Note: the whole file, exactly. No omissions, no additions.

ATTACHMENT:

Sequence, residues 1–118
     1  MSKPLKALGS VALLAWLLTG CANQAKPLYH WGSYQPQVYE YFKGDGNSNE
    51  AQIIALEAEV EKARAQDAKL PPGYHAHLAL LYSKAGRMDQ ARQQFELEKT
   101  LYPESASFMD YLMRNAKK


Sequence, residues 1–118
     1  MSKPLKALGS VALLAWLLTG CANQAKPLYH WGSYQPQVYE YFKGDGNSNE
    51  AQIIALEAEV EKARAQDAKL PPGYHAHLAL LYSKAGRMDQ ARQQFELEKT
   101  LYPESASFMD YLMRNAKK